Inspired by the kind of brown or muddy tones produced by ZZ Top's Billy Gibbons on tracks like Loaded from the 1996 album Rhythmeen, Jedrzej Lewandowski of Poland's Le 2 Workshop architects created the Farmer's Mill, which was unleashed, appropriately enough perhaps, on April 1 2012. The second generation has now been released. It's a little bigger than its predecessor, a lot better, and is now available in orange as well as white. Gizmag has spent the last few weeks making guitars wheeze, cough and splutter like they've been smoking 40-a-day since birth, and walks way mighty impressed with the destructive capabilities of the Mark II Electric Mud Grinder.  Read More

The iRig BlueBoard wireless MID pedalboard from IK Multimedia

When I reviewed the OPC Musician's Computer in March 2012, I also got the opportunity to sample a full-featured version of IK Multimedia's equally impressive AmpliTube 3 guitar effects and amp simulation suite. I did note, however, that one downside was having to activate virtual pedals and tweak settings via the mouse (or in the case of iOS versions, by touching the virtual controls on the screen). The latest addition to the company's iRig family puts parameter control at your feet, in a wireless pedalboard called the BlueBoard.  Read More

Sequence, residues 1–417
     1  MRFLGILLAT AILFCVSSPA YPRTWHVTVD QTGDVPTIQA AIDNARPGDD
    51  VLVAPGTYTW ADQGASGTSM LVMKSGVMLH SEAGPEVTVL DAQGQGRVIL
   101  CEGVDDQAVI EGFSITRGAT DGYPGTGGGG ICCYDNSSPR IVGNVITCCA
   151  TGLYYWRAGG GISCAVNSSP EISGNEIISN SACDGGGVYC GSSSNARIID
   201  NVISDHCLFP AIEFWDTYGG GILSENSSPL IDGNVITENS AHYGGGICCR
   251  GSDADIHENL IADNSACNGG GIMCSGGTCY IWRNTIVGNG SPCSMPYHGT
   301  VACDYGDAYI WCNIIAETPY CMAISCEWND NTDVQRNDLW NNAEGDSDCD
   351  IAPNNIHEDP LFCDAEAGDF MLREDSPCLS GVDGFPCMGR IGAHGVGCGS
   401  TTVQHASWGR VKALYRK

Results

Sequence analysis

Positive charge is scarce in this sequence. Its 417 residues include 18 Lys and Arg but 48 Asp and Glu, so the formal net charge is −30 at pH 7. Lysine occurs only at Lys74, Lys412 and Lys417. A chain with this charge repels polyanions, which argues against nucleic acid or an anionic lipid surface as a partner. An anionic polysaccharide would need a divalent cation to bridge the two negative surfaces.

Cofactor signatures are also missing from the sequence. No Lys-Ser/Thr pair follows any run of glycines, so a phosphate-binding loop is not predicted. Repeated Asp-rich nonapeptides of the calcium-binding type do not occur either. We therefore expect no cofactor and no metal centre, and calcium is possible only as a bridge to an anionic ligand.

The new Moog Minifooger analog stomp family

Moog Music has announced a new range of versatile and expressive analog effects stomps for electric guitar and bass. Each of the five affordable and compact Minifoogers features an expression pedal input that can be CV-controlled (just like an old Moog synth), and gives the player control of one predetermined parameter for the chosen unit, expanding the stomp's sound beyond what's available via the knobs up top.  Read More